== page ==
Occidental College faculty on Monday passed a vote of "no confidence" in two high-level administrators based on their handling of sexual assaults on campus.
A federal complaint filed against Occidental in April by a group of students, faculty and alumni claimed Dean of Students Barbara Avery and College Counsel Carl Botterud were partially responsible for the college's failure to properly adjudicate and report sexual misconduct on the Los Angeles campus.
According to the complaint filed last month, Avery's office issued book reports as punishment to students found guilty of sexual misconduct, and Botterud contributed to creating an intimidating environment for sexual assault victims and their allies.
More than three-quarters faculty members attended a special meeting Monday to discuss concerns about Avery and Botterud. During an executive session of teaching faculty, they voted 70-6 to express no confidence against Botterud, and 65-9 for no confidence in Avery, according to a vote count by the Faculty Council.
Occidental's administration did not immediately return a request for comment Monday.
Although the faculty vote is purely symbolic and does not force the administration to remove either Avery or Botterud, Lisa Wade, chair of Occidental's sociology department, called it a "very strong and bold stand in support of the survivors and allies on campus."
Monday's vote follows a resolution last week, signed by 135 faculty members, endorsing the concerns and efforts of the Oxy Sexual Assault Coalition, a group that has protested the school's handling of sexual assaults.
"We, the undersigned Occidental College faculty, agree with OSAC that there must be changes to the sexual assault policies, there must be procedural integrity in hearing board cases, there must be additional resources for sexual assault and rape survivors, and that there must be significant, on-going sexual harassment, battery, assault and rape education for all students," read the faculty letter, released Wednesday.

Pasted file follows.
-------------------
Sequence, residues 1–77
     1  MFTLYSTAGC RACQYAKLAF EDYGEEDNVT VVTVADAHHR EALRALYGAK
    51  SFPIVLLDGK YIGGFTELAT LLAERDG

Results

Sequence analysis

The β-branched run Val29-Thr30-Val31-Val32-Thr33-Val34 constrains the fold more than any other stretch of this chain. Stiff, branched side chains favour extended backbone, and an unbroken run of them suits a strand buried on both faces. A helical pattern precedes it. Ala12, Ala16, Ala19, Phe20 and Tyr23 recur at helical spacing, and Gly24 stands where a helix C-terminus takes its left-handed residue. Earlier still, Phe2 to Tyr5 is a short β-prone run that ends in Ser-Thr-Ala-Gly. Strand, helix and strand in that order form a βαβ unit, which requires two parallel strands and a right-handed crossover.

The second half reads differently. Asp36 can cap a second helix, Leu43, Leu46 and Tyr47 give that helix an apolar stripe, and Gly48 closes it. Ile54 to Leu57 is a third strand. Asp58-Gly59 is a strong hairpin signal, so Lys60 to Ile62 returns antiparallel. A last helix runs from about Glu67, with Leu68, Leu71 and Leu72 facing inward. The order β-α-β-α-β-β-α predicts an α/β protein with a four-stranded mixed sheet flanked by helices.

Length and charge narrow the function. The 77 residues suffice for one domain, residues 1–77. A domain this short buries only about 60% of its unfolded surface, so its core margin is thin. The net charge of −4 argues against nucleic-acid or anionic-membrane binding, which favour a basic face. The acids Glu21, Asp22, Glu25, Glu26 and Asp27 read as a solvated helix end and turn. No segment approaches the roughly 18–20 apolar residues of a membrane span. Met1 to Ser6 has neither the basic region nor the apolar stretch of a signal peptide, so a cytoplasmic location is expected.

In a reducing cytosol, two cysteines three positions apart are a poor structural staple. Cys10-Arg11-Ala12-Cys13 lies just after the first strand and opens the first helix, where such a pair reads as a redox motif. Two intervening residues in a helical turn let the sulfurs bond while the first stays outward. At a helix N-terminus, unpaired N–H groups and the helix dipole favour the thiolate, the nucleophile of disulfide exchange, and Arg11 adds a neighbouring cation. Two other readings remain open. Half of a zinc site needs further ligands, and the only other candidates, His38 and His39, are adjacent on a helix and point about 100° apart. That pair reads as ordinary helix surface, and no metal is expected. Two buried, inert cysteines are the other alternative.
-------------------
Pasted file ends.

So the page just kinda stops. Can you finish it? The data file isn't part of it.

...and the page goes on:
Occidental President Jonathan Veitch announced last week in a campus-wide email that Botterud would voluntarily recuse himself from "providing advice or guidance on any matters related to sexual harassment or misconduct cases" going forward, but some faculty say that's not enough.
"Why Occidental College is committed to keeping these individuals on staff despite the irreparable harm they have done to survivors and the entire institution is beyond us," Danielle Dirks, a sociology professor who signed onto the complaint, told The Huffington Post in an email.
Veitch also announced in his email a series of efforts to improve how the college handles sexual misconduct. Occidental will continue to review its sexual misconduct policies through the summer with the assistance of Gina Smith and Leslie Gomez, two outside attorneys the school hired for guidance on the issue, Veitch said in his letter. The college also launched both an online anonymous suggestion box and a new sexual assault resources website in April.
OSAC is still demanding significant administrative changes. In a statement Monday, the group said, "Put simply, without the proper personnel changes and recommendations, Oxy will be unable to adequately address sexual assault issues on campus in any real or meaningful way."
UPDATE, 9:35 p.m.: James Tranquada, director of communications at Occidental, issued the following statement in response to Monday's vote:
We take the concerns of the faculty very seriously. We've hired national experts to help us address the issue of sexual assault on campus and we are taking a series of proactive steps in that regard. Those steps are outlined in May 1 memo from President Jonathan Veitch. The College is committed to having the best policies, procedures and personnel in place to allow us to be a model for other colleges to follow.